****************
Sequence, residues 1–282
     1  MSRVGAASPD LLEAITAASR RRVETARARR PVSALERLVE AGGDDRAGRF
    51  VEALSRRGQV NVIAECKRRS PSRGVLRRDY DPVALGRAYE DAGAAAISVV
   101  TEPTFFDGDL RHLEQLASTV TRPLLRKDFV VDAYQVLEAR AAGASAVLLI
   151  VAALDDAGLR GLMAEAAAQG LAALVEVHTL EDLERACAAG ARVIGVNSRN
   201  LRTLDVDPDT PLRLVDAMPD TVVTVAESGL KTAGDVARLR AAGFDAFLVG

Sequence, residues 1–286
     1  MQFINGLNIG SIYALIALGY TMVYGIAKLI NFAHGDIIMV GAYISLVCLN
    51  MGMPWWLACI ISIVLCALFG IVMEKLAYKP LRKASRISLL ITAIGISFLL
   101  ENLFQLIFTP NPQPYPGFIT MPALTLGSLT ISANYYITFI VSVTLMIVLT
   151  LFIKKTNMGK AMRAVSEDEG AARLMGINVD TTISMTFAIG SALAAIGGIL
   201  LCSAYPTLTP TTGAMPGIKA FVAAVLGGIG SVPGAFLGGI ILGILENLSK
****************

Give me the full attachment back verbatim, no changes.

Sequence, residues 1–282
     1  MSRVGAASPD LLEAITAASR RRVETARARR PVSALERLVE AGGDDRAGRF
    51  VEALSRRGQV NVIAECKRRS PSRGVLRRDY DPVALGRAYE DAGAAAISVV
   101  TEPTFFDGDL RHLEQLASTV TRPLLRKDFV VDAYQVLEAR AAGASAVLLI
   151  VAALDDAGLR GLMAEAAAQG LAALVEVHTL EDLERACAAG ARVIGVNSRN
   201  LRTLDVDPDT PLRLVDAMPD TVVTVAESGL KTAGDVARLR AAGFDAFLVG

Sequence, residues 1–286
     1  MQFINGLNIG SIYALIALGY TMVYGIAKLI NFAHGDIIMV GAYISLVCLN
    51  MGMPWWLACI ISIVLCALFG IVMEKLAYKP LRKASRISLL ITAIGISFLL
   101  ENLFQLIFTP NPQPYPGFIT MPALTLGSLT ISANYYITFI VSVTLMIVLT
   151  LFIKKTNMGK AMRAVSEDEG AARLMGINVD TTISMTFAIG SALAAIGGIL
   201  LCSAYPTLTP TTGAMPGIKA FVAAVLGGIG SVPGAFLGGI ILGILENLSK